Here is a graph showing the individual food group indices for the past two years:
Now, let's look at a report published by the United Nations Department of Economic and Social Affairs back in 2008. In this report entitled "The 2008 Revision of the World Population Prospects", the United Nations estimates the projected population of the world to the year 2050 based on several variants. These variants include changes to the world's fertility rate using the current constant fertility rate as well as low, medium and high fertility rate scenarios. Here is a graph showing their projected world population to the year 2050:
Notice how in the medium fertility variant, the world's population will reach 8.57 billion by 2035, a 24 percent increase in 25 years over the world's current population of 6.904 billion (according to the United States Census Bureau).
Here are the regions in the world where the United Nations anticipates the population growth to be the greatest and the least:
It's not terribly surprising that the Asian region is going to be responsible for the lion's share of the world's population growth over the next four decades.
Robert Malthus was born in 1766 in Dorking, south of London England. In 1805, he was appointed professor of Political Economy at Haileybury, a college run for the education of civil servants by the East India Company. In 1798, Malthus wrote an essay entitled "An Essay on the Principle of Population as it Affects the Future Improvement of Society with Remarks on the Speculations of Mr. Godwin, M. Condorcet, and Other Writers." Here is a quote from Chapter 1:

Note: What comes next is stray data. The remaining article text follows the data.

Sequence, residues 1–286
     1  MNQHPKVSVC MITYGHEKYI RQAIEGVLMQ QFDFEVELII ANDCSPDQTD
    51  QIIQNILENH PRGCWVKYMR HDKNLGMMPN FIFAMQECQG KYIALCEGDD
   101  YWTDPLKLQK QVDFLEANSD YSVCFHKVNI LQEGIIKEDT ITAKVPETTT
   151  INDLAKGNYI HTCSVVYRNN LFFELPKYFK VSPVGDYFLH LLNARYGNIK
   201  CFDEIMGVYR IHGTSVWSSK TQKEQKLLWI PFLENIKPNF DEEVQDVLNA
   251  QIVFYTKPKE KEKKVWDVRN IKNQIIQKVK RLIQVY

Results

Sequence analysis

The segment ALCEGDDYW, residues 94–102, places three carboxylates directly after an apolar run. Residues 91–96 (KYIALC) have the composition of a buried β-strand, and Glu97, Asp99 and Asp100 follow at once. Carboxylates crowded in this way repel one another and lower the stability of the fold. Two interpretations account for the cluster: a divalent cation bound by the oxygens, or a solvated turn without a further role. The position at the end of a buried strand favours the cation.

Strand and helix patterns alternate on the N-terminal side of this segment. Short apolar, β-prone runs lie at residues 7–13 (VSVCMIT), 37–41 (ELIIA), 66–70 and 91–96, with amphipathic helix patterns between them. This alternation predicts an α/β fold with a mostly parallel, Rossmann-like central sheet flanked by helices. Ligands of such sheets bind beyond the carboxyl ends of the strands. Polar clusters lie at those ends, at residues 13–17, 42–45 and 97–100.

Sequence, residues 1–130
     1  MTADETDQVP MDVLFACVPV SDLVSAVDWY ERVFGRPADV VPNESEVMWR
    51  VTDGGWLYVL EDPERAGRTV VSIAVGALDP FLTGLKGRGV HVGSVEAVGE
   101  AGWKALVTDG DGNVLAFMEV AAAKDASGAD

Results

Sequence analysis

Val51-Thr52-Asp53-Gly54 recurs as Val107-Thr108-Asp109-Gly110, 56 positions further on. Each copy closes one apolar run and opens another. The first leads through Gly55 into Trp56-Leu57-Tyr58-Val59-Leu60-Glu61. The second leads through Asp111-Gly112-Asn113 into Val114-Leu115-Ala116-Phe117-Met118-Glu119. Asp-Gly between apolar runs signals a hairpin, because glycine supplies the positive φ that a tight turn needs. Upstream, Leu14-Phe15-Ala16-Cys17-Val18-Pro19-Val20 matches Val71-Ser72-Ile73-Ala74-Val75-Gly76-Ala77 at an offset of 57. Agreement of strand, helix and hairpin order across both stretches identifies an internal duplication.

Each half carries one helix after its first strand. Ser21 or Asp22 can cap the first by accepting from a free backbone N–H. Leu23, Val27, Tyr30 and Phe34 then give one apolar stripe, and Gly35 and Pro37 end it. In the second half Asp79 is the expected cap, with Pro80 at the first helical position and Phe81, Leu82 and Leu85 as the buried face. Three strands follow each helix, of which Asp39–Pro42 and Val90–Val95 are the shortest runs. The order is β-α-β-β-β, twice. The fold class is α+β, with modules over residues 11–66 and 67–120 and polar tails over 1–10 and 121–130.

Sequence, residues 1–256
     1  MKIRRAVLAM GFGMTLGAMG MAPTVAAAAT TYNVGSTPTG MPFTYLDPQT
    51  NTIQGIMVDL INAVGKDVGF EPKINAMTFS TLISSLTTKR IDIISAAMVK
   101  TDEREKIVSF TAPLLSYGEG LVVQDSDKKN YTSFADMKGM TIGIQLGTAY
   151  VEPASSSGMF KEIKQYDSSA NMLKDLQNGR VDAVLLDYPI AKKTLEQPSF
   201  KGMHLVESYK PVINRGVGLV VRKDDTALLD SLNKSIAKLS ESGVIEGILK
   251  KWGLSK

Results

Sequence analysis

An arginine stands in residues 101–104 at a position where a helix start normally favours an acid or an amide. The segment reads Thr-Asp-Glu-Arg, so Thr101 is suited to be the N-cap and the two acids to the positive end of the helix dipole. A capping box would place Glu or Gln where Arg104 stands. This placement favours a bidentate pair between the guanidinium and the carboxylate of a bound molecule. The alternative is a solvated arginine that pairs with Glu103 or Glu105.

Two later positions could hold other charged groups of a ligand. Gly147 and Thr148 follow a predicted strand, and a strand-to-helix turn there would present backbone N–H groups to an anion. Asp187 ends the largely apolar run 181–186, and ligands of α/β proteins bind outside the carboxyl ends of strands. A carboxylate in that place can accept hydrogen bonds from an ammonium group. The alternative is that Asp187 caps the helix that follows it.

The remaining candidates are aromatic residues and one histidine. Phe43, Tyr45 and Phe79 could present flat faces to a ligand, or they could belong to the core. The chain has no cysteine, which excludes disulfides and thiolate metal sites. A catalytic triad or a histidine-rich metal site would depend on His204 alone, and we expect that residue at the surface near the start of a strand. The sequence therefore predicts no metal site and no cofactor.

“I think I may fairly make two postulata.
First, That food is necessary to the existence of man.
Secondly, That the passion between the sexes is necessary and will remain nearly in its present state.
These two laws, ever since we have had any knowledge of mankind, appear to have been fixed laws of our nature, and, as we have not hitherto seen any alteration in them, we have no right to conclude that they will ever cease to be what they now are, without an immediate act of power in that Being who first arranged the system of the universe, and for the advantage of his creatures, still executes, according to fixed laws, all its various operations.”